Sports chief revved up to bring F1 to HK

PUBLISHED : Tuesday, 21 June, 2011, 12:00am
UPDATED : Tuesday, 21 June, 2011, 12:00am


Sports supremo Timothy Fok Tsun-ting liked what he saw and has thrown his weight behind getting a Formula One race to Hong Kong.

Fok pointed to the interest shown in the Red Bull Dragon Run in Central last Saturday as evidence of how successful such a race would be.

'I was surprised to see so many people turn up just to watch one car go up and down a small stretch of road. The interest shown makes it worthwhile exploring the possibility of having a Formula One race in Hong Kong in the future. We should seriously look at it,' said Fok, president of the Hong Kong Olympic Committee, who was among the large crowd.

Organisers estimated that nearly 43,000 people, many of whom turned up hours before the exhibition, lined up along Lung Wo Road in front of City Hall, to watch Spanish Formula One ace Jaime Alguersuari drive a F1 car for the first time in Hong Kong.

'And after watching yesterday's [Sunday] dragon boat racing, it just reinforced my belief that sport should become an integral part of Hong Kong life. I met with a number of government officials at the weekend at both events and mentioned that an F1 race is something we should look at. Singapore has done it very successfully and I can't see why Hong Kong cannot follow suit,' said Fok, who also represents the functional constituency of sports, art and culture in the Legislative Council.

Fok was echoing the view of Automobile Association president Wesley Wan Wai-hei, who first brought up the issue of a Formula One race in Hong Kong when he told the South China Morning Post last week that the Red Bull Dragon Run would be the 'first step in gaining the support of the people' towards staging an F1 race through the streets of the city.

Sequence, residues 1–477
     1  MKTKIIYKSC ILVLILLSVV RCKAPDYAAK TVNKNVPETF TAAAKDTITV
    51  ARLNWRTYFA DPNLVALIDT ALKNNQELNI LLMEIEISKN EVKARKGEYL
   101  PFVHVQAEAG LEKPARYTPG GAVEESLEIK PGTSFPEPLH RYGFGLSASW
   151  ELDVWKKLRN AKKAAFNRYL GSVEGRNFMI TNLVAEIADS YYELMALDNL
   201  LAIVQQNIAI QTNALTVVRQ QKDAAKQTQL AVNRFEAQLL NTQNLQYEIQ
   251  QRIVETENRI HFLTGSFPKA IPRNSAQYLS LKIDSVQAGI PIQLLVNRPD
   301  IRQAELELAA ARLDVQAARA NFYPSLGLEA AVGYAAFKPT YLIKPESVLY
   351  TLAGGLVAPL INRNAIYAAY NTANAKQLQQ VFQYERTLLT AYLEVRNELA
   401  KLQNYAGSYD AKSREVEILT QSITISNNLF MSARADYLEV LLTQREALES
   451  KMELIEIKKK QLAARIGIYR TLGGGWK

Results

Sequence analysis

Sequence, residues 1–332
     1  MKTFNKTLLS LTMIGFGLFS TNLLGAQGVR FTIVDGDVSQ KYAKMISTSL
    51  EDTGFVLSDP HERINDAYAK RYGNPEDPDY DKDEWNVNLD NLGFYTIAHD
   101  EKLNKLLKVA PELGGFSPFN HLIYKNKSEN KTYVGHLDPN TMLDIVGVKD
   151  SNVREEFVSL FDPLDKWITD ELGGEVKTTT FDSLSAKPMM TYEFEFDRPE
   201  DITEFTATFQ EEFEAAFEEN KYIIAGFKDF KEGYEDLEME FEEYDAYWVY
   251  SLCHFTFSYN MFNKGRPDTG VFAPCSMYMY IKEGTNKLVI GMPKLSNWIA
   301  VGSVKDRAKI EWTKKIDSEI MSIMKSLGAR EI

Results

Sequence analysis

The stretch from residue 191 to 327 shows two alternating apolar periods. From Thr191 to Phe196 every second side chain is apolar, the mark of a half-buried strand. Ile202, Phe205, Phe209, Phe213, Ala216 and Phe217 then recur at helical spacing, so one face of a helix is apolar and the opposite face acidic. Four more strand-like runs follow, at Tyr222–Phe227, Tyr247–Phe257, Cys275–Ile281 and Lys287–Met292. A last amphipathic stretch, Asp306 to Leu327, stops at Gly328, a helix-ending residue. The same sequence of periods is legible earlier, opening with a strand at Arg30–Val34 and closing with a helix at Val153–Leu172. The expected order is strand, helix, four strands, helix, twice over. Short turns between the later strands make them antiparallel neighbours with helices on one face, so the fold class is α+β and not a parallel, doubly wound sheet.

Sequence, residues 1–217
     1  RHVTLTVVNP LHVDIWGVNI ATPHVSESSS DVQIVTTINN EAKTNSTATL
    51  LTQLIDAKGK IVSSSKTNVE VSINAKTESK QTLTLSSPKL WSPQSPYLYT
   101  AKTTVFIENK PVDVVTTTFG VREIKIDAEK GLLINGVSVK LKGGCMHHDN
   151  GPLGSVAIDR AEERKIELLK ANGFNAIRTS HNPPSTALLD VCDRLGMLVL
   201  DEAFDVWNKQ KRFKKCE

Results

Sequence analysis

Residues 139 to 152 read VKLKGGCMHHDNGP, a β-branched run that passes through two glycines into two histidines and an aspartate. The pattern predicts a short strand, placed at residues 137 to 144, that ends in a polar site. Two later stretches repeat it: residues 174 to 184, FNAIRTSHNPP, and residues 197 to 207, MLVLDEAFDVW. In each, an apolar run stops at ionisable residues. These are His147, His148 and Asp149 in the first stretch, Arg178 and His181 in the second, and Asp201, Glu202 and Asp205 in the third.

'It was a huge achievement. We were very much encouraged by the numbers that turned up, more than we expected, and the response we got from the crowd showed it was a success. We have taken the first step, but we have a long way to go before we can even dream of having a race in Hong Kong,' Wan said.

He added: 'This event proved that people in Hong Kong will support a Formula One race here. There were a lot of legislators and a few [government] department heads who turned up and I think they were pleasantly surprised by the number of people who turned up. They were very impressed.'

First impressions may have been good, but Wan knows a lot of hard work remains and it would be an uphill battle to convince the government and its departments to part with the money that would be needed to stage a Formula One race in Hong Kong. Wan estimated that the application fee alone for a five-year Formula One deal would be around US$150 million.

Singapore, which hosts the only night race on the circuit, - spends up to HK$1 billion annually to stage the showpiece. This cost is borne by the Singapore Tourist Board, which chips in 60 per cent, with the balance contributed by a private concern.

'Right now a Hong Kong Formula One race might look far-fetched but we have to dream big. What we know now is that such a race will be a success among the local people,' Wan said. 'It has been estimated that on race day, a Formula One draws crowds of up to 120,000. We put on an exhibition with just one car and got one-third of that crowd. I'm confident a real race would be a sell-out.

'But like I said, there are so many obstacles ... We are very thankful to all the government departments for helping us out in staging last Saturday's event. This also proves that if we really want it, it can be done.'